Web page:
Mexican-American, Me

Mexican-American, Me

Growing up Mexican-American is incredibly fun, always challenging, and different in every case.  For me my dad is from Mexico City and lived there until he was in his early twenties, my mom has been teaching high school Spanish for decades, and I am not fluent in Spanish.  I know, I suck.  I get it all the time from everyone and it is the thing I am most embarrassed about in my life and I’ve tried but when you get out of your early years when picking up a language is easy, it becomes incredibly difficult.  Not knowing Spanish has always made me less than, it has been the reason why people don’t think I’m ‘Mexican enough’, whatever that means.

During my Spring Break my last semester of college I went to Mexico.  And no I didn’t drink Margaritas on a white sand beach in Acapulco, although that does sound nice.  I spent the first 3 days of my Spring Break in Hermosillo, Sonora a northern town in Mexico with other AIESECers from the United States and Mexico.  We gathered together for a purpose larger than ourselves, to change how our countries perceive each other.  Together we decided that we need to write a story about us, about how Mexico and the United States need to cooperate and create a culture of understanding together.

Hermosillo, Mexico

In my own life I really see the need for Mexico and the United States to work together to better our countries.  Like I said earlier, each Mexican-American has a different personal experience.  For me being half-Mexican is probably my favorite thing about myself, I love my family in Mexico, I love the country, I love Mexican culture in the United States. When I was little I felt the same way, although I stuck to a handful of Mexican dishes I deemed safe enough to consume.  One time I was on the bus in elementary school and sitting in the back, because I was a very cool 3rd grader, and we drove past a construction site.  One of the kids sitting around me called the construction workers ‘beaners’, a word I’d never heard before.  And what a strange word to call someone too!  So being 8 or 9, I did some investigating what exactly did beaner mean?  Well it is a mean word you call Mexicans.  Now, it isn’t that original, but then again most people who say racial slurs on an elementary school bus aren’t exactly Oscar Wilde. But it was the first time I realized, some people didn’t think being Mexican was cool.  Between this, similar experiences growing up in the South, and the hateful tone of the media I really was confused about how I should feel about my identity.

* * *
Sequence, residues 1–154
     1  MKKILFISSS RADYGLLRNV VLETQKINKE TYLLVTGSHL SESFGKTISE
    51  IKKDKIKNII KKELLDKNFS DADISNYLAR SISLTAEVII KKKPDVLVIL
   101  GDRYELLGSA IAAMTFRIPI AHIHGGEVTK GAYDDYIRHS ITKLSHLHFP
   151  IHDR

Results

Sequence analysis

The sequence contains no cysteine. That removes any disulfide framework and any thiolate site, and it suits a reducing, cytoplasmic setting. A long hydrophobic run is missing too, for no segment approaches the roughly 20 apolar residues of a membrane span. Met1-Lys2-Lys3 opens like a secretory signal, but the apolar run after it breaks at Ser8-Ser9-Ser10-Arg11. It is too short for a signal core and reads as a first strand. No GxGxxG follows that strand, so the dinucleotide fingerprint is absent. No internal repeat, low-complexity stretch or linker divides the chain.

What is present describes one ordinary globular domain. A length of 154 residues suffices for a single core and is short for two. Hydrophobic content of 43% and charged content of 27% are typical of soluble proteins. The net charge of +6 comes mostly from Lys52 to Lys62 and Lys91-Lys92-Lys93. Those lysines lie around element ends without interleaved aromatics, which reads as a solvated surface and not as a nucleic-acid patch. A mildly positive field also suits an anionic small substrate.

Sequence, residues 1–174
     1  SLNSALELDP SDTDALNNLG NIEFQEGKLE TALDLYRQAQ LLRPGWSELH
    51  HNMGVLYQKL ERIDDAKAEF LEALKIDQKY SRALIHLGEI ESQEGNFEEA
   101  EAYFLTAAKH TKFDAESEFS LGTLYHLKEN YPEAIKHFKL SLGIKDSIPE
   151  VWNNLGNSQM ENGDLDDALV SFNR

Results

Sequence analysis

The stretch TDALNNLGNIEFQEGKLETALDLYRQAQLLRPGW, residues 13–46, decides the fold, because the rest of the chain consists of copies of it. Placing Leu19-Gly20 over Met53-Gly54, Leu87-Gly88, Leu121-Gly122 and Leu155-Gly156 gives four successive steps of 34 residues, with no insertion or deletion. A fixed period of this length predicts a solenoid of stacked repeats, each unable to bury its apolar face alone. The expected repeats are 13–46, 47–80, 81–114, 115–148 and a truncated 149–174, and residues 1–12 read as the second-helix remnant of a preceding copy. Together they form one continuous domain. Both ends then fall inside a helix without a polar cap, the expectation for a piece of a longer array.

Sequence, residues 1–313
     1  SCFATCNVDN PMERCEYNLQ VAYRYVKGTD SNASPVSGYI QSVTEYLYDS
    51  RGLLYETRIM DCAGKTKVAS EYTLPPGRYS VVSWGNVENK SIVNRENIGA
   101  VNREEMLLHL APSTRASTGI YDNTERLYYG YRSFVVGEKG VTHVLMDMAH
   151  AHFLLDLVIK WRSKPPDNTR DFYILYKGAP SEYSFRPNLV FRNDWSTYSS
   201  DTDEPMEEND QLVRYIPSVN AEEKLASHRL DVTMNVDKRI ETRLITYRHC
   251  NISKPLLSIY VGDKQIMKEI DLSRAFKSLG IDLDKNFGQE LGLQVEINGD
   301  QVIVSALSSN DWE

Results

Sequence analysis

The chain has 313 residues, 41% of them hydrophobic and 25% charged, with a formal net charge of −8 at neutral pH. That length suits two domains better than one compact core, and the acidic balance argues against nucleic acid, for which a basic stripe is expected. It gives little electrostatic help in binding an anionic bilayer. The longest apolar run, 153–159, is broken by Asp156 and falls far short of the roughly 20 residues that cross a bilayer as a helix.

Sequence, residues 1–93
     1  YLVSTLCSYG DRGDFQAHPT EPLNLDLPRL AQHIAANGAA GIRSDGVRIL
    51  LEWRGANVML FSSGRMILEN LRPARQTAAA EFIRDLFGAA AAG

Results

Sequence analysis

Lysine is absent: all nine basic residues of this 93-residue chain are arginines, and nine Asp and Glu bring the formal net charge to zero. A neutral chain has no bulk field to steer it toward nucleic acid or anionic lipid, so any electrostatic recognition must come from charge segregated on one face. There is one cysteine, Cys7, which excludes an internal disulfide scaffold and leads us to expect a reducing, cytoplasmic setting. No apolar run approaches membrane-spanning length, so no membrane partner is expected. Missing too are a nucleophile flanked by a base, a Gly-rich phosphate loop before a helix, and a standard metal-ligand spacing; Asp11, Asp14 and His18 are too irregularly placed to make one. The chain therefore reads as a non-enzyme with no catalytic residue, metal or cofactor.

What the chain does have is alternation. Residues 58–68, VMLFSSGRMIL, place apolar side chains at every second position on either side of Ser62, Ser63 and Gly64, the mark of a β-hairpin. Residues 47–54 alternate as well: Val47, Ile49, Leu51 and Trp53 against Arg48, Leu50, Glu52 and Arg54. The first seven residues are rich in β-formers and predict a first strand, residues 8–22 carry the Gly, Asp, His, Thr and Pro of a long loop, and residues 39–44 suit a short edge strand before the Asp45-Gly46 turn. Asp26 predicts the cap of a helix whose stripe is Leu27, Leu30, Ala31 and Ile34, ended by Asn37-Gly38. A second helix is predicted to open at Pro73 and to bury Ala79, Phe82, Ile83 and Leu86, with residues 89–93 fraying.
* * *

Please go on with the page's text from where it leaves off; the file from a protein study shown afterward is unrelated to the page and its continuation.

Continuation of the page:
Going to Hermosillo for this AIESEC Border Summit was an emotional experience for me in a lot of different ways.  It was the first time I had gone to Mexico since high school, it was my last AIESEC conference, but it was the first time I had ever seen a large group of people from the US and Mexico come together with peace on the brain.  Having such a large group of young people talk about the prejudices we had in our societies towards the others, our interconnectedness, and the problems within our own countries was incredibly moving.  But it was more than just moving to me, it was purposeful.  We planned how we would do exchanges to better the problems between our countries, to improve our relations, and change our countries attitudes towards the other.  For me this conference was more than an organization or the people in the room, it was a group of young people who became committed to changing how our countries perceive the other.

After the Border Summit in Hermosillo I spent a week in Mexico City with my family.  And it was like falling back in love with part of myself.  I had always say I’m Mexican so people don’t say anything racist around me, although that doesn’t always work.  But I realized I need to be telling people I’m Mexican because there is nothing shameful in that.  All I can do now is hold on to that feeling and help other people to understand and accept that.  I had a lot of trouble writing this article because I didn’t know how to tell people that you are the only person in charge of your identity, no one can make you feel inferior, and that if you look hard enough you can find something bigger than yourself to be a part of.

Originally posted March 2016

Sarah Contreras

Sara is a lipstick enthusiast and expert on all things Larry David.  She is about to enter the abyss... post grad life that is.  She is attending Appalachian State University and studying International and Comparative Politics.